Find that Placeholder I

A snippet to help find the code where placeholders are being set

In this article, we'll look at a utility snippet that helps you find the code that's setting a particular placeholder.

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The Problem

Imagine that you have inherited a site created by another developer. You want to change the content or format of a value that's displayed with a placeholder. The value of the placeholder is most likely done in a snippet or plugin, but which one? If the site has a lot of snippets and plugins, it can be a real pain to examine them all looking for the code that sets the placeholder.

Another use case is one that happens to me with some regularity. I know what the placeholder name is, but I can't remember the name of the custom snippet or plugin I used to set it. I have a lot of custom snippets and plugins and they may have been written years ago, so it would be nice if there were a tool to find the code that sets the plugin.


Find that Placeholder

The solution is a fairly straightforward snippet called FindPlaceholder that searches all snippets and plugins on the site and reports the names of any that contain the placeholder name in question. This snippet will report any instance of the placeholder name, even if it's in a comment or it's not a placeholder, so we may get some extra results, but this still beats having to do an exhaustive search through all the snippets and plugins, loading each one in the Manager, and looking for the code that sets the placeholder.

We'll put the placeholder name we're looking for in a property of the snippet tag on a new resource (let's call the snippet FindPlaceholder). The resource should be unpublished and/or hidden from menus. Here's an example snippet tag:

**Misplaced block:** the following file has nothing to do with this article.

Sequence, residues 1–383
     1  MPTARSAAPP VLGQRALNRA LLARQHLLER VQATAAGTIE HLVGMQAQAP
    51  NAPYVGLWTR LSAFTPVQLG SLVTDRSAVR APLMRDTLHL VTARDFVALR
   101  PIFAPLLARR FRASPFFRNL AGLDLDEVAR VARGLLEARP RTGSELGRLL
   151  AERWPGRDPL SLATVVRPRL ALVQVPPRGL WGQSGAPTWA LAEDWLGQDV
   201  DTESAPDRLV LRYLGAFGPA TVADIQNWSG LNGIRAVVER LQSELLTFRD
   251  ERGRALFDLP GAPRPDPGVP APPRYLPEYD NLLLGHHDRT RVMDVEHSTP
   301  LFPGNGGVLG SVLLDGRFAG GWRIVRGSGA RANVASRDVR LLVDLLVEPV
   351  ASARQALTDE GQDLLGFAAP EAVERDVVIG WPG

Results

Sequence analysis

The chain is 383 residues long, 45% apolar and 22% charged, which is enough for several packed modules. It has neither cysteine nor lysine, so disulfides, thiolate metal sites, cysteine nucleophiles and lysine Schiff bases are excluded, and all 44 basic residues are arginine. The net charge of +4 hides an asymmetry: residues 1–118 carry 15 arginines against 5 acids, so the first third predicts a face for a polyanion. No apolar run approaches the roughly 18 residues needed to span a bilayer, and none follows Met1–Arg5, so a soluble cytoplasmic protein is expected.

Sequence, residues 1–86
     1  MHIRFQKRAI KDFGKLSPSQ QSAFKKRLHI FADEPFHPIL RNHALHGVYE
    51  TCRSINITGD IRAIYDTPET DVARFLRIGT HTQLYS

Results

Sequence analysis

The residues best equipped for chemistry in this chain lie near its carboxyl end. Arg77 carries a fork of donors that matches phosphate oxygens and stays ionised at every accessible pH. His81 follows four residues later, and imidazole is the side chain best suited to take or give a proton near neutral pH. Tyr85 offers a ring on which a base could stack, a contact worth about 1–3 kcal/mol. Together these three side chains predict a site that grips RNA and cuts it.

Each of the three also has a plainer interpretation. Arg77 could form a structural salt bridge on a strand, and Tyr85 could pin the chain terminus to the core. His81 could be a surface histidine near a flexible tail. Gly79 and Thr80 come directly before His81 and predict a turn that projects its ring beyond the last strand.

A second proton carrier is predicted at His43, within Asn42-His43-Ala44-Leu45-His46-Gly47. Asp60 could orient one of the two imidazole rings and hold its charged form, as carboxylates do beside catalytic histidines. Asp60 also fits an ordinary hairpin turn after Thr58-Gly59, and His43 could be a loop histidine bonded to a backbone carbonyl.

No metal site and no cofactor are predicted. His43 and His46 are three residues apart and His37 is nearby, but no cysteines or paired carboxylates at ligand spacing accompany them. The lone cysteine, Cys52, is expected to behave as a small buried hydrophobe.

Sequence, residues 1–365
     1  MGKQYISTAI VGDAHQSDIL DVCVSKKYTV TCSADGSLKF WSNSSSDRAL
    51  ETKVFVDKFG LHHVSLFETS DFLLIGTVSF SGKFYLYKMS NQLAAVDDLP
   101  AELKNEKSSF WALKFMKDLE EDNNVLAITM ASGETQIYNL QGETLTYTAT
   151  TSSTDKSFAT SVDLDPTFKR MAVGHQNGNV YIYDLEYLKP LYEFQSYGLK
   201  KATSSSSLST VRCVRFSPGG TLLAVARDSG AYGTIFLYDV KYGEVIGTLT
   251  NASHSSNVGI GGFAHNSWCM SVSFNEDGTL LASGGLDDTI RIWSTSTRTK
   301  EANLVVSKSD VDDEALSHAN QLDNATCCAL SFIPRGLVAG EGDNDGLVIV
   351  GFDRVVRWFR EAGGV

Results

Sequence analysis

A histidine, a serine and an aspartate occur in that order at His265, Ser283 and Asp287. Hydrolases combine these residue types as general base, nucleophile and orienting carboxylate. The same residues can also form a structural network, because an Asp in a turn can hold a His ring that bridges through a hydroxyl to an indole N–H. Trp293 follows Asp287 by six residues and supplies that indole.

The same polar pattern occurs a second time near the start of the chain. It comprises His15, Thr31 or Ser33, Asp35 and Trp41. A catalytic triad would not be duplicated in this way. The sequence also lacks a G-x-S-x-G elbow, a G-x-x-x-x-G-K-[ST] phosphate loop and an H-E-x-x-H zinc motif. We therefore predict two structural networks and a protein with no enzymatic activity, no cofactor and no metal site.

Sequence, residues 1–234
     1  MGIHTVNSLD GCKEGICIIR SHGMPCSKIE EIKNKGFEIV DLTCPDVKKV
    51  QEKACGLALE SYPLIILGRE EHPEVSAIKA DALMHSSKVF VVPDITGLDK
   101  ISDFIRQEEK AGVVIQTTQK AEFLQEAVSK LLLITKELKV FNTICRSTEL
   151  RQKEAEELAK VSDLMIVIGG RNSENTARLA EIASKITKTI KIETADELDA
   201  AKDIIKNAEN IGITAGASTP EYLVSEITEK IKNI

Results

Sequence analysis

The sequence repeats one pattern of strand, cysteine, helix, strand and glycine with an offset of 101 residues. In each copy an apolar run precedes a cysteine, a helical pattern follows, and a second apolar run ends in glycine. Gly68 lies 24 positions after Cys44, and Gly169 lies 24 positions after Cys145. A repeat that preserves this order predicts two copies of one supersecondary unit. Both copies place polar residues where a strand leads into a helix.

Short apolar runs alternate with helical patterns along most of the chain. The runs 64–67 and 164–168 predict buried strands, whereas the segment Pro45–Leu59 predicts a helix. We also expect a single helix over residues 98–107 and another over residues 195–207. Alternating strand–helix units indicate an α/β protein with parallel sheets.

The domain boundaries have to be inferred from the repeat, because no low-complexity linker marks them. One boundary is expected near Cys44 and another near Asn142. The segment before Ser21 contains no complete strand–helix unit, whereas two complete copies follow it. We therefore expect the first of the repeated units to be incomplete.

[[!FindPlaceholder? &placeholder=`SomePlaceholder`]]

Here's the code of the FindPlaceholder snippet:

/* FindPlaceholder snippet */

function checkContent($content, $ph, $type, $name, &$output) {
    $found = 0;
    if (strpos($content, $ph) !== false) {
           $found = 1;
           $output .= "\n<p> " . $type . ' ' .  $name .
                ' contains placeholder ' . $ph . '</p>';

    return $found;

$ph = $modx->getOption('placeholder', $scriptProperties);

$output = "\n\n<br>
<h3>Searching Snippets</h3>";

if (!empty($ph)) {

    $count = 0;
    $type = 'snippet';

    $snippets = $modx->getCollection('modSnippet');

    foreach ($snippets as $snippet) {
        $name = $snippet->get('name');
        $content = $snippet->get('snippet');

        $count += checkContent($content, $ph, $type, $name, $output);

    if ($count == 0) {
        $output .= '<p>Placeholder not found in snippets</p>';
} else {
   return "\n<p>Error: Placeholder property is empty</p>";

$output = "\n\n<br>
<h3>Searching Plugins</h3>";

if (!empty($ph)) {
    $count = 0;
    $type = 'plugin';
    $plugins = $modx->getCollection('modPlugin');
    foreach ($plugins as $plugin) {
        $name = $plugin->get('name');
        $content = $plugin->get('plugincode');

        $count += checkContent($content, $ph, $type, $name, $output);
    if ($count == 0) {
    $output .= "\n<p>Placeholder not found in plugins</p>";

return $output;

First, we get the placeholder name from the snippet property and put it in the $ph variable. In the else statement, we return an error message if we didn't get the placeholder (maybe we misspelled it).